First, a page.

In this assignment, you will implement a type checker for Paret, which has been augmented with type annotations on function parameters.
You will write a function
fun type-of(e :: Expr) -> Type that takes a
Paret program and either returns the type of that program or -- if the
program is not well-typed -- raises an exception.
Similar to how you passed an
Env around in the
that mapped identifiers to values, to type-check you will want to pass
around a type environment (
TEnv, defined below) that maps identifiers
We have defined a function
fun type-check(prog :: String) -> Type
parse and then
type-of: you can use
your test cases to avoid calling
The language has been simplified in a few ways. Strings and records have
been completely removed, functions are single-arity, and let expressions
always bind exactly one identifier. There are also additions to the
language: lists have been added, together with operations
rest for working with them. Type annotations
are included on function parameters, as documentated in the grammar. This
language does not have syntactic sugar, so it contains
that your type-checker will handle.
The type of numbers is written
Num, and the type of booleans is written
Bool. The type of a list is written like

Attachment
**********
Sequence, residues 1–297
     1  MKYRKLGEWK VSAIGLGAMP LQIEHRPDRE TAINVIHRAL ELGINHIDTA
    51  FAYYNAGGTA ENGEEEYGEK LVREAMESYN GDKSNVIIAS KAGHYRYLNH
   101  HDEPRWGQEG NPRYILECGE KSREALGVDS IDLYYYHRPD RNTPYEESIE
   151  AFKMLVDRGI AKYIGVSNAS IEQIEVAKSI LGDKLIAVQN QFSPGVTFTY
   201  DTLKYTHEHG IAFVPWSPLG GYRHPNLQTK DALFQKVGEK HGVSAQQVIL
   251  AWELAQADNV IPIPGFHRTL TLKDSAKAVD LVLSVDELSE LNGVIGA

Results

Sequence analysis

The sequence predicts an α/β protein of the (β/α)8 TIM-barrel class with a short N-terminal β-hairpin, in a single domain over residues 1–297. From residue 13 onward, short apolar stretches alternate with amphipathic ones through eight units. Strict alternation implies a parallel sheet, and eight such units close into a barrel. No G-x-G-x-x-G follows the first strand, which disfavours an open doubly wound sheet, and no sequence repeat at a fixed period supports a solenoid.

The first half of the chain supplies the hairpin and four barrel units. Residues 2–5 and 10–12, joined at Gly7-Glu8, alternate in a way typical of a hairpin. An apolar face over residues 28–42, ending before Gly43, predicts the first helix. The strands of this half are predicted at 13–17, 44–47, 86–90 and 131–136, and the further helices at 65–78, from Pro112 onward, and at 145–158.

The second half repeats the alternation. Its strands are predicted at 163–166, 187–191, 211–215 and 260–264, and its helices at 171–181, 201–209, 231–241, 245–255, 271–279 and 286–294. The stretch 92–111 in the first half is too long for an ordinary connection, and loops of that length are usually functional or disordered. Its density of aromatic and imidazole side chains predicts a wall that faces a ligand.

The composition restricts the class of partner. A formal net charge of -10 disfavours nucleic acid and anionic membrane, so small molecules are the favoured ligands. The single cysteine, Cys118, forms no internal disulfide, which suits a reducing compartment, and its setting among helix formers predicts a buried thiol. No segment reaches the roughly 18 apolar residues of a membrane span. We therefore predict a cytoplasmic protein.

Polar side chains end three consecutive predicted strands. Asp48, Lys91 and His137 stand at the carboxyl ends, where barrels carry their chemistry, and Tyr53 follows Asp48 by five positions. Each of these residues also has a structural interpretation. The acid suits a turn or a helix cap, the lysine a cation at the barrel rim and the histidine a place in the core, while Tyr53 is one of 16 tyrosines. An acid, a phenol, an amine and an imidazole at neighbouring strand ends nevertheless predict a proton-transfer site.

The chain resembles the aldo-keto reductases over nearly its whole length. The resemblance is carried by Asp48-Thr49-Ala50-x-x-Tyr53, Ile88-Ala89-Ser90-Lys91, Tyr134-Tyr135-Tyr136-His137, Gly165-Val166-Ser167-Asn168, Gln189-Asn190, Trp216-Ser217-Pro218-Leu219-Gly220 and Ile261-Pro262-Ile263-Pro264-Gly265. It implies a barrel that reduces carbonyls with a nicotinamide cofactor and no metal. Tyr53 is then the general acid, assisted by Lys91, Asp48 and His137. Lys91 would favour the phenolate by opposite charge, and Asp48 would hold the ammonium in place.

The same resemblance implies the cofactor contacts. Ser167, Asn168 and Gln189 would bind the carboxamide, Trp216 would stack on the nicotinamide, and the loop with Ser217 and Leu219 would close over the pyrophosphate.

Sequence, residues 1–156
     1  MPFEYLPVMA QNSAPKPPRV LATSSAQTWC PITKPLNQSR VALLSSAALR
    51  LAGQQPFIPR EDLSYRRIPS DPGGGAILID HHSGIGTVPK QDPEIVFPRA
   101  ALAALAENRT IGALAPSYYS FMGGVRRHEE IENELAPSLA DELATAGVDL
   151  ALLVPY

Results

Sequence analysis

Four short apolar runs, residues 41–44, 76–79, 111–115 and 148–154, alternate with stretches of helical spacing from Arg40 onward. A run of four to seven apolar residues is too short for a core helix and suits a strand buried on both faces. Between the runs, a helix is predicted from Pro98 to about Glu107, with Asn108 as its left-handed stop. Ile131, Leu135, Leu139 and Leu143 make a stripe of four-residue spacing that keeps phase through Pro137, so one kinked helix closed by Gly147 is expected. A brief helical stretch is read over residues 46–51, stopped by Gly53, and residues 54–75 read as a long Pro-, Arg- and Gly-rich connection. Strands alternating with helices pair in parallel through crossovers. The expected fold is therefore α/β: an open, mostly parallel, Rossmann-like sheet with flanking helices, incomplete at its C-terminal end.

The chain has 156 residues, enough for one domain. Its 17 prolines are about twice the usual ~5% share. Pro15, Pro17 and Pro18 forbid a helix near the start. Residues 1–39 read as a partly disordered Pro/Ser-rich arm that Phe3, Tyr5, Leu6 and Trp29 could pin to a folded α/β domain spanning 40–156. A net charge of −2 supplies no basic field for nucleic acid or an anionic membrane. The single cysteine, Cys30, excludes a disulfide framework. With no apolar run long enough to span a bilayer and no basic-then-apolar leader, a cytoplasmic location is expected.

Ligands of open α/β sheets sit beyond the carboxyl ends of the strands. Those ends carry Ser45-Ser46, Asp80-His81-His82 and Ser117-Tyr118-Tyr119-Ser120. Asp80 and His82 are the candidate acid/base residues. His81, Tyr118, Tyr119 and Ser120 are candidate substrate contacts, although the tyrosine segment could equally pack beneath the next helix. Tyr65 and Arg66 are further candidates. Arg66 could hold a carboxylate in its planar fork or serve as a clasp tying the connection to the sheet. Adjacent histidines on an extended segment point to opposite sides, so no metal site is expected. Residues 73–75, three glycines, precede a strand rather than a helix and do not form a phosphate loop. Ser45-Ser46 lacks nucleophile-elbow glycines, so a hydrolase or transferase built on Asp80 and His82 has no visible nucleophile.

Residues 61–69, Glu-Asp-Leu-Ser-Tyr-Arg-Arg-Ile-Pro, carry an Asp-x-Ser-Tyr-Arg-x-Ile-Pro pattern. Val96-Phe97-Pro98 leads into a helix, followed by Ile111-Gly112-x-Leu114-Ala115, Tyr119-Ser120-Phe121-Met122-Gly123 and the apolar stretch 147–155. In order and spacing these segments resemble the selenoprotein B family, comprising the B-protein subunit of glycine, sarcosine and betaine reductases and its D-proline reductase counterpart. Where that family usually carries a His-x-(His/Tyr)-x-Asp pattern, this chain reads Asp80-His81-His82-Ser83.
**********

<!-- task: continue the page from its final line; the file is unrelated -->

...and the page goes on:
(List Num), which in this
case is the type of a list of numbers. The type of a function is written
(Num -> Num), where the type before the arrow is the argument type
and the type after the arrow is the result type. Both of these examples
are simple, but types can be nested as well, e.g.,
(List (List Num)).
Function definitions are now annotated with the types of their arguments. For instance, the function that adds one to its argument could be written,
(let ((one 1)) (lam (x : Num) (+ x one)))
See the grammar for reference.
You will need to type-check the five list operations,
rest. Lists in this language are
homogeneous: all of their elements must have the same type. Here are the
rules for type-checking the list operations:
(empty : t)makes an empty list whose elements have type
t. For instance,
(empty : Num)is an empty list of numbers. The type declaration is important to be able to tell what the type of the list is (otherwise this assignment would be much harder).
(link x y)appends the element
xto the front of the list
y; it acts just like Pyret's
(List t), then
(link x y)should have type
(is-empty x)checks to see whether
xis an empty list. If
(List t), then
(is-empty x)has type
is-emptyshould produce a type error if its argument is not a list.)
(rest x)returns all of a list except for the first element. If
(List t), then
(rest x)has type
(List t). (
restshould produce a type error if its argument is not a list.)
(first x)returns the first element of the list. If
(List t), then
(first x)has type
firstshould produce a type error if its argument is not a list.)
If any of the arguments to these functions have the wrong type, your
type-checker should raise a
tc-err-bad-arg-to-op exception. So for
(link 2 3) should raise a
tc-err-bad-arg-to-op exception, as
(link 2 (empty : Bool)). If the type of the first argument to
link doesn't match the element-type of its second argument, have